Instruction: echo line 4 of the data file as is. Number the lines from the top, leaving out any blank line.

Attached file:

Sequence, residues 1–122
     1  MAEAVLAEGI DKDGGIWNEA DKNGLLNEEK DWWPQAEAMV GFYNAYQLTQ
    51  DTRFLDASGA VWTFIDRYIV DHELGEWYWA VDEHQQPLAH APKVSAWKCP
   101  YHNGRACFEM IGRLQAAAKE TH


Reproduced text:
   101  YHNGRACFEM IGRLQAAAKE TH